Aviation Flight Training and Management: This minor provides students with a unique opportunity to earn a pilot’s license and gain expertise in various aspects of aviation management. The combination of pilot’s license and aviation management places the candidate seeking employment with airlines, airports, air traffic control at a competitive advantage. Students completing this minor have completed one step in preparation towards jobs as Commercial Pilots, Military Pilots, Corporate Pilots, Certified Flight Instructors, Unmanned Aerial Systems Operators, Airline Dispatchers, Airport Managers, Air Traffic Controllers, Aviation Flight Test Engineers, Aviation System Engineers.
 

C4I Seminar: Friday, Mar 29, 1:30 pm, room 4705

Speakers: Dr. Wei Sun and Walter Powell, George Mason University

Combinatorial Prediction Markets by Graphical Model: Algorithms and Auto-Traders

Abstract:

Prediction markets are defined as speculative markets created for the purpose of making predictions. The current market prices can be interpreted as estimates of the probability of the event, or the expected value of the parameter. Public prediction markets such as the Iowa Electronic Market or the Foresight Exchange have been in place for over two decades.  More recently, Intrade, Inkling, and Betfair have been in the news.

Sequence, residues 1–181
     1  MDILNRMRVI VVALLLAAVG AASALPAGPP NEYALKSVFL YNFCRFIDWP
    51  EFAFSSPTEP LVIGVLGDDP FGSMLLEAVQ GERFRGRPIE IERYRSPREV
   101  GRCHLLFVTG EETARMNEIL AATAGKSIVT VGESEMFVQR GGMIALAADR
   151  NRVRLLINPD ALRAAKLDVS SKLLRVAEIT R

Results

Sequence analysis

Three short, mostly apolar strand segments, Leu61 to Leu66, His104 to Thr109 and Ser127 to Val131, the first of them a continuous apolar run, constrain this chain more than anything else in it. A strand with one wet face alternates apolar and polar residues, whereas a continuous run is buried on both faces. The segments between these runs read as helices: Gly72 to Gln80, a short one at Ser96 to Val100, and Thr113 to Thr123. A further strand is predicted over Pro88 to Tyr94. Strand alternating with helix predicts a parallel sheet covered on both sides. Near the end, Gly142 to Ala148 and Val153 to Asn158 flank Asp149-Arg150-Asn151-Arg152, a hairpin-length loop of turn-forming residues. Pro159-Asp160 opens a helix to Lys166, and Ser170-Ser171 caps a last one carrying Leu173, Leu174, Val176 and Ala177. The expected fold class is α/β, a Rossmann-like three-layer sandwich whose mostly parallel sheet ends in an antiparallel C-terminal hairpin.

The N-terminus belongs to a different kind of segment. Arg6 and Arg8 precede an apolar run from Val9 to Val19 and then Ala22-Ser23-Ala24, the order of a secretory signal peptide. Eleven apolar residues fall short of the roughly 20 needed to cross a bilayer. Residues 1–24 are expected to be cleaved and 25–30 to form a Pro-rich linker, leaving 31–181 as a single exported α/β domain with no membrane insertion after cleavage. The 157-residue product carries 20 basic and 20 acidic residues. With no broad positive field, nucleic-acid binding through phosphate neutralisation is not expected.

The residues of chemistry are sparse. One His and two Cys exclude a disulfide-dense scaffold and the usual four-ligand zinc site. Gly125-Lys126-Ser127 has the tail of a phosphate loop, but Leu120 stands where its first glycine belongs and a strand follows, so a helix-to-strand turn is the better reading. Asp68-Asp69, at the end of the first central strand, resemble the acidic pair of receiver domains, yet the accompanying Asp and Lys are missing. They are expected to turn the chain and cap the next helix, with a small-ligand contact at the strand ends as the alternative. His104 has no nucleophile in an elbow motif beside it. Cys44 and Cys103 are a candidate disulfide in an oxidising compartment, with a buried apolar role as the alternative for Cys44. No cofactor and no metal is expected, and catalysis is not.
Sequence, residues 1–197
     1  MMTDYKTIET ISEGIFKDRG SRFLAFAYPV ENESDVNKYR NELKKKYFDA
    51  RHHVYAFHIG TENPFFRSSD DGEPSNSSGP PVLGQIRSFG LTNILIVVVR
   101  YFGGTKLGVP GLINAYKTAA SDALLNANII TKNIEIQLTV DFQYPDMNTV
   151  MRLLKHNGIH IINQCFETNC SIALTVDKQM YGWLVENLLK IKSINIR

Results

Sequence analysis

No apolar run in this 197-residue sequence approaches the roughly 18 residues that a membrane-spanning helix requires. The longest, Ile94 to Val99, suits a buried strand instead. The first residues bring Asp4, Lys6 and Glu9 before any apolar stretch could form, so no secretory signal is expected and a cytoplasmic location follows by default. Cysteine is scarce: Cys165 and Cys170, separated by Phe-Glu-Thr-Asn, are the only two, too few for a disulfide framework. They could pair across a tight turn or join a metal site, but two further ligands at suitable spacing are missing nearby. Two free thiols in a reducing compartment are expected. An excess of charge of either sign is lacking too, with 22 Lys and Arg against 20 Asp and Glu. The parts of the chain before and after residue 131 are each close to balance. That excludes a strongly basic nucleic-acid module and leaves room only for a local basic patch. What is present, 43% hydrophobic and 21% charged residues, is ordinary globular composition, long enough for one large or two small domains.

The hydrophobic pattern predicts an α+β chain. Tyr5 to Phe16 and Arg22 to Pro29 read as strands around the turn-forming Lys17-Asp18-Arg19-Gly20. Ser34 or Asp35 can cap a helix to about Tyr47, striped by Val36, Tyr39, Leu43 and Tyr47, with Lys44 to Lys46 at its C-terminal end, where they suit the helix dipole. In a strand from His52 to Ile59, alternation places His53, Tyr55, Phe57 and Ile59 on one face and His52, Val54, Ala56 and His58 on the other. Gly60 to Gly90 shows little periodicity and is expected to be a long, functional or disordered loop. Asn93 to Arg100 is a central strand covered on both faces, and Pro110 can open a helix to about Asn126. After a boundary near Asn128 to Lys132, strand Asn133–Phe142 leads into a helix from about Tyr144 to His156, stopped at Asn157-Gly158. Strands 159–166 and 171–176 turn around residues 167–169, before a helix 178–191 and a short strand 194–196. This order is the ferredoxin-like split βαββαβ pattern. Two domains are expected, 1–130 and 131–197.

All of these prediction markets ignore the relationships between questions, but combinatorial prediction markets explicitly consider and exploit dependencies among base events. This allow us to collect more information and promises better accuracy.  A combinatorial market can integrate partial information from many people, and update a joint probability distribution that is far larger than any one person can fully edit or consider.  However, we must tame the combinatorial explosion before the problem is beyond computers as well.

In this talk, we show how to use Bayesian networks to represent and update combinatorial markets -- including user assets.  We also present results of a recent murder-mystery experiment where participants used either a regular prediction market or a combinatorial market to solve the mystery.  Finally, in order to further improve the market's accuracy, we designed an auto-trader based on user's input and/or belief expressed as a Bayesian network fragment.  We show results that simple auto-traders can encourage participation, and new work on a "Kelly Rule" auto-trader that finds optimal trades given a user's joint beliefs.

Speaker information: